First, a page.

In this article, a Massachusetts blogger points out that it is time to do something about those unionized police and firefighters who have failed to stamp out crime and fires.
It is time to unleash innovation and turnaround the police precincts where crime is highest: close them down and allow the cops to reapply for their jobs.
America could be a perfectly crime-free, safe nation if only we turned public safety over to bankers and lawyers and entrepreneurs.
The initiative–which is known as No Citizen Left Behind–requires the investment of billions of dollars for data collection, data analysis, turnaround specialists, and retraining of the current workforce.
Unfortunately this is so close to the insane reality of federal education policy that it is easy to think that it is real, not satire.
Deborah Meier has been blogging recently with Michael Petrilli of the Thomas B. Fordham Institute.
Deb is known as a progressive, Mike as a conservative. Deb was one of the founders of the small schools movement and a leader of opposition to standardized testing through her involvement in Fairtest. Mike strongly supports standardized testing, charter schools, and competition a drivers of change.
In his previous post, Mike asked Deb whether she was part of the problem (because of her opposition to standardized testing and her general skepticism towards what is called “reform” today, I.e., No Child Left Behind and Race to the Top).
This is a good exchange. I wonder if they can bridge their differences.
Deborah answered here. I won’t begin to summarize what she said. Let me just say that she is at her best and what she wrote about children, about the shrinking middle class, and about what schools can and cannot do. Please take the time to read what she wrote.
Officials in California have been meeting with Michael Fullan of Ontario to learn about the impressive improvements there.
Fullan wants to turn the state of California away from the carrots-and-sticks of No Child Left Behind and Race to the Top.
The story linked her says:
“I want California to become an alternative model to No Child Left Behind; that would be a great thing to aspire to,” Fullan said last month during an interview in Sacramento. Instead of improvement through the “negative drivers” of standardized testing and quick school turnarounds, he would shift the focus to improving instruction through “motivational collaboration” between teachers and administrators.
Fullan believes that data should be used to improve, not to punish. What a novel idea! What would our Broad trained superintendents do if they were told to help teachers and schools, not to punish them?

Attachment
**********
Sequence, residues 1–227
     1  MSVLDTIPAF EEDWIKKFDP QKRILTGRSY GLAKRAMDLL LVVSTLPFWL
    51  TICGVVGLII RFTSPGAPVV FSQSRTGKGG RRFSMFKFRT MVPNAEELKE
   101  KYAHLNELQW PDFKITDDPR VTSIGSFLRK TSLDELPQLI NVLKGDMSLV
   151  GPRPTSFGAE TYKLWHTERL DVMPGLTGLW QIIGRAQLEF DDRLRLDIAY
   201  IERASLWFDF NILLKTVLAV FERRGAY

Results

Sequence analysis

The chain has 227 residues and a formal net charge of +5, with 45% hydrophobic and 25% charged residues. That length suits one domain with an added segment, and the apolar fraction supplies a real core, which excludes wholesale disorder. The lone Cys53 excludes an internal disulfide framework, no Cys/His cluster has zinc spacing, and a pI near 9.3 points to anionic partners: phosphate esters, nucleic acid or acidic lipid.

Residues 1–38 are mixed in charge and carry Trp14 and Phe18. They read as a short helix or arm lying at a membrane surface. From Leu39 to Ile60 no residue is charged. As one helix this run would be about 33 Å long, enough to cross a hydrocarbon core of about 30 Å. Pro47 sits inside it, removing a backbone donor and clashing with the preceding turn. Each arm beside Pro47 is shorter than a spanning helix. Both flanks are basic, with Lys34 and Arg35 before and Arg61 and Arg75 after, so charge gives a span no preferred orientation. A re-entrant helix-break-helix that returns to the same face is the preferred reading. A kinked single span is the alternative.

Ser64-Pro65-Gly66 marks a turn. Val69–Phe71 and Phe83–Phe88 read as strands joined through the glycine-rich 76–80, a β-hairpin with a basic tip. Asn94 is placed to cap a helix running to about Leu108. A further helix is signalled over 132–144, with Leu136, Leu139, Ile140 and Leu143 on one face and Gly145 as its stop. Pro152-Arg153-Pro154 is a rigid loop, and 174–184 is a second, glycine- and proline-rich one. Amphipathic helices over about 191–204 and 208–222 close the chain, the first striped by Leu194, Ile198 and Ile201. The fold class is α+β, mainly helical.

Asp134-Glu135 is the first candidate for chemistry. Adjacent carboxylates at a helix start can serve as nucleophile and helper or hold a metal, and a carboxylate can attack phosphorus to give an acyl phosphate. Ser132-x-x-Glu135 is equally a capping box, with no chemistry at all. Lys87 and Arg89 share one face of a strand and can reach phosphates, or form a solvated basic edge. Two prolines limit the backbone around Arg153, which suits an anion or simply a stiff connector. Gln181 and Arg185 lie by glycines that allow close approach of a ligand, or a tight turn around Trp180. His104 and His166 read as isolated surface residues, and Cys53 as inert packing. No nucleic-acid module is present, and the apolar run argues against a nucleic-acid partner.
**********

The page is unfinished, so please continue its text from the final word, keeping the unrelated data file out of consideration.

Good grief! Fullan’s philosophy could cause the whole miserable, mean-spirited farce of federal policy to collapse.
Want to know more about Fullan? Read this.
His ideas might be powerful enough to beat the Billionaire Boys Club. They have this one important advantage: They work.
Bill Gates is wrong. American education is not “broken.”
Federal education policy is broken.
Testing children until they cry is a bad idea. It is educational malpractice.
Basing teachers’ evaluation, their salary, and their tenure on student test scores is a bad idea. It doesn’t work. It is professional malpractice. The Gates Foundation has invested hundreds of millions of dollars trying to make it work. It doesn’t work. Arne Duncan has made it a cardinal principle of federal education policy. It doesn’t work.
Giving bonuses to teachers based on test scores is a failed idea. It has never worked. The U.S. Department of Education under Duncan put $1 billion into such programs. They fail.
Closing schools doesn’t make them better. It shatters communities and sends children to search for a school that will accept them. That’s federal policy. It’s wrong. It is wrong in Chicago and it is wrong everywhere else.
There is no such thing as a “failing school.” Schools are buildings. Buildings don’t fail. If the students in a school have low test scores, it is the responsibility of the superintendent to find out why and to supply the needed staff and resources to improve the school.
When schools struggle, it is the responsibility of the people at the top to help them, not to close them.
Federal education policy, from No Child Left Behind to Race to the Top, is broken. It has failed. It must be changed.
Wayne Gersen has been working in several districts in Vermont. He is impressed by Vermont’s determination not to allow testing to be the be-all and end-all of education. The state is determined not to let NCLB wreck its schools and not to ask for a waiver that would allow Duncan to impose high-stakes testing. If only Obama did what Vermont does!